Rotavirus, a major cause of deadly cases of dehydration and diarrhoea, may be set to lose some of its grip on the lives of millions of children. According to the BBC, a new vaccine, developed in India, promises to curb the virus.
On Sunday 5th May campaigners, churches, communities and members of the public came together to celebrate “Survive 5 Day.” A day of activities that aimed to raise awareness across the globe of the fact that every day 19,000 children will die from preventable causes such as pneumonia, diarrhoea and malaria, all before their fifth birthday.
On the day people in more than 34 countries on 6 continents engaged in the campaign – here is what happened in South Korea and Armenia.
Last Sunday campaigners, churches, communities and members of the public came together to celebrate “Survive 5 Day.” A day of activities that, drawing on the symbolism of the date 5/5, aimed to raise awareness across the globe of the fact that every day 19,000 children will die from preventable causes such as pneumonia, diarrhoea and malaria, all before their fifth birthday.
Find out what happened in Bangladesh, Ireland and Ghana
“In the 21st century, no institution can solve global challenges on its own. There is no monopoly on good ideas. That is why I believe so deeply in partnerships – strategic partnerships," said UN Secretary General Ban Ki-Moon at an event for Every Woman Every Child, a global plan to save the lives of 16 million women and children by 2015.
Every year, 6.9 million children will die before their fifth birthday. The good news is that this can be changed. A new report from World Vision, Within Reach: Ending Preventable Child Deaths, argues that these children can be reached. The report highlights an often overlooked strategy that is key to keeping children healthy: engaging and empowering families and communities in taking control of their own health. Find out more.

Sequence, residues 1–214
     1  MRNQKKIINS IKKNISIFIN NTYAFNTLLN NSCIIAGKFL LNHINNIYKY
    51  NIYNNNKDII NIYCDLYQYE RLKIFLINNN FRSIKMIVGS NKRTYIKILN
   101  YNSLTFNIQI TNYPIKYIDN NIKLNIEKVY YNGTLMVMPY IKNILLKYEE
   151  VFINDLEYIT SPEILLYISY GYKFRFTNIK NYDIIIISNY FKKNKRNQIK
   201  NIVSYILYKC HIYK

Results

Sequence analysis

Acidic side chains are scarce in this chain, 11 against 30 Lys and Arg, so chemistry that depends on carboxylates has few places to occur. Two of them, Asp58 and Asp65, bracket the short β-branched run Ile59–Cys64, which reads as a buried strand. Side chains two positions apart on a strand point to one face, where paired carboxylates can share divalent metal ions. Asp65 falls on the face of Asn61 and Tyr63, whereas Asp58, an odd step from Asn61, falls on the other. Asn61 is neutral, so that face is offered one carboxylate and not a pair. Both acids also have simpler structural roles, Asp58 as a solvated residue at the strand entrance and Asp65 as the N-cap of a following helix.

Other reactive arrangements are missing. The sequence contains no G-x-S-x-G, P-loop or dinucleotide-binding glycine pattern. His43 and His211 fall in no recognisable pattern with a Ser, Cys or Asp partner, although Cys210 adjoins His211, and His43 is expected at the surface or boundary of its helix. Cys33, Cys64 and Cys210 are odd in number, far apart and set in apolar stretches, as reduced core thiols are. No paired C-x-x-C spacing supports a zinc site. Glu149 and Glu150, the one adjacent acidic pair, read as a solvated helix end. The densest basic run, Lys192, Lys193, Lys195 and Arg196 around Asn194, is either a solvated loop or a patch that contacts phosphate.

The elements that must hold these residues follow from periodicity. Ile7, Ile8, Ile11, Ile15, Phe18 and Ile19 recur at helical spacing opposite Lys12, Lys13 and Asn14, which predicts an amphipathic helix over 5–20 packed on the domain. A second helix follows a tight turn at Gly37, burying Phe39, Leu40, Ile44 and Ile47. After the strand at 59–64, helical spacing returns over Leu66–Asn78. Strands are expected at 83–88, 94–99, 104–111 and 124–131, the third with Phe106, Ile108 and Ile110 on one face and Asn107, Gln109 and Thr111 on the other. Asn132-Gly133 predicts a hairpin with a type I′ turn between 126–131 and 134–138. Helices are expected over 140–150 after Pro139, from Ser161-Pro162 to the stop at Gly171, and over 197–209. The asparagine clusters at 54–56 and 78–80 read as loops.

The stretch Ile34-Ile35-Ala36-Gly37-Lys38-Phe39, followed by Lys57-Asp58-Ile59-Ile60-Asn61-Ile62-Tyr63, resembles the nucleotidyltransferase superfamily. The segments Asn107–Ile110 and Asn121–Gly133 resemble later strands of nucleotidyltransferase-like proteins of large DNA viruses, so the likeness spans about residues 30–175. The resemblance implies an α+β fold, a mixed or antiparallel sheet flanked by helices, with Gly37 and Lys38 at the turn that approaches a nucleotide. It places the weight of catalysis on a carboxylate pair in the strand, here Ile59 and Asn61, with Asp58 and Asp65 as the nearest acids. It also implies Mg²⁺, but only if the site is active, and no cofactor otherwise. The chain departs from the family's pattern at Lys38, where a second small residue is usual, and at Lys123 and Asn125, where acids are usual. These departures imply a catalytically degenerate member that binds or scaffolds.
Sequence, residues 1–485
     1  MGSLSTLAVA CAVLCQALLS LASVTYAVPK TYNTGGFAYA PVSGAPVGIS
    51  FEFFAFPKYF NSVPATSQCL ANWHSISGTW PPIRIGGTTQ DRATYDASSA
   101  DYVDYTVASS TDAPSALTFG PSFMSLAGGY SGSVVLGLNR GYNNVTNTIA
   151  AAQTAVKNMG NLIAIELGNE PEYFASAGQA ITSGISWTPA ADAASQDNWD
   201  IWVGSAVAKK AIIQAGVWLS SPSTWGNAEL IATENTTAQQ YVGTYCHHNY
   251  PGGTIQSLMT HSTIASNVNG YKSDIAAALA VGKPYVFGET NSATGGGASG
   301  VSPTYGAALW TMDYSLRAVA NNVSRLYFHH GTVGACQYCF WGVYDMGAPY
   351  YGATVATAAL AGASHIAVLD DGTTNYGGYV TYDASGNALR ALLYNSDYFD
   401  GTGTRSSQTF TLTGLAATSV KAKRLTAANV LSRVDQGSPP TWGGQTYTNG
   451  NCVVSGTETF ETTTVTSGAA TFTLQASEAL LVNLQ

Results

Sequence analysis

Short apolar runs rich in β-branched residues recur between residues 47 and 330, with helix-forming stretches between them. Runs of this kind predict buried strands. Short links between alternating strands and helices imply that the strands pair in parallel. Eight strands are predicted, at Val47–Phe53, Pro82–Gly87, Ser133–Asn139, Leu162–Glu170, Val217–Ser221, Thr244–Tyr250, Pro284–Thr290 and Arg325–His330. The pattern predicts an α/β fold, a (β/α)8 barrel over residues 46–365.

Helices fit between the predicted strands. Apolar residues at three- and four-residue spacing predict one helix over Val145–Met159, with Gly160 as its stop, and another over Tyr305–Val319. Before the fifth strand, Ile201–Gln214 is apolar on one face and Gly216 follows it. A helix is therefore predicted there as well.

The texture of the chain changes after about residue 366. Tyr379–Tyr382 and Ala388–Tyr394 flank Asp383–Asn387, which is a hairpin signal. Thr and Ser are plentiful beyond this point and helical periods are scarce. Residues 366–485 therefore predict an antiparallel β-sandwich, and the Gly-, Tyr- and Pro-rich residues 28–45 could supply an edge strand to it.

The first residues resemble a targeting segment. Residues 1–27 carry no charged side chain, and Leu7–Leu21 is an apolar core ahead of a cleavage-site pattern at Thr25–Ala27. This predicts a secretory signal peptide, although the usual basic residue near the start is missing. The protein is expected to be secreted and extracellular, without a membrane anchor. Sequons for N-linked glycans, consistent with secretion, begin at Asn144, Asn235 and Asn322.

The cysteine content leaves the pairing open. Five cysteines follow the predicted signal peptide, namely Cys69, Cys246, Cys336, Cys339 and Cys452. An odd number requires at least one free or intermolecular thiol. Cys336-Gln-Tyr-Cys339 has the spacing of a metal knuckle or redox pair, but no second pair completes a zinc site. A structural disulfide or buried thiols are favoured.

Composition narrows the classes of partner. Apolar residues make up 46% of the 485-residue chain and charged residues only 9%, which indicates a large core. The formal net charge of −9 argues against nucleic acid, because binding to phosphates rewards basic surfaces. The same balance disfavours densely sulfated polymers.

Last Sunday campaigners, churches, communities and members of the public came together to celebrate “Survive 5 Day.” On the day people in more than 32 countries on 6 continents engaged in the campaign – over the next few days we will be sharing some of these highlights so keep an eye out for updates.
As Survive 5 Day draws to a close we have been reflecting back on the amazing activities that have taken place across the world. From South Sudan to Pakistan, Armenia to Indonesia and Australia to the United States we have seen people taking action, giving support and making a noise for under-five child health.
Sebalda Leshabari is the Dean of the School of Nursing at the Muhimbili University of Health and Allied Sciences in Dar es Salam, Tanzania and teaches midwives who are key providers in family planning in Tanzania. In her work she often encounters the challenges midwives face to provide family planning counseling especially to youth.
Today from South Sudan to Pakistan, local communities in more than 30 countries will mark "Survive 5" day as they celebrate the 42% reduction in under-five mortality over the past two decades. More importantly, it will be a chance for people right across the world to inspire national leaders and the global community to act with urgency so that children everywhere can celebrate their fifth birthday. That's why today, Sunday 5th May, or 5/5, World Vision along with our partners, communities and supporters are uniting as one voice to demand action on the preventable deaths of children under-five.
Question: What technological device do 79 per cent of developing country citizens have access to which could help improve their health? Answer: A mobile phone
How can cellular technology help people to improve their health? One innovation is for community health workers and volunteers to have the tools to access, record and process health-related information on their phones.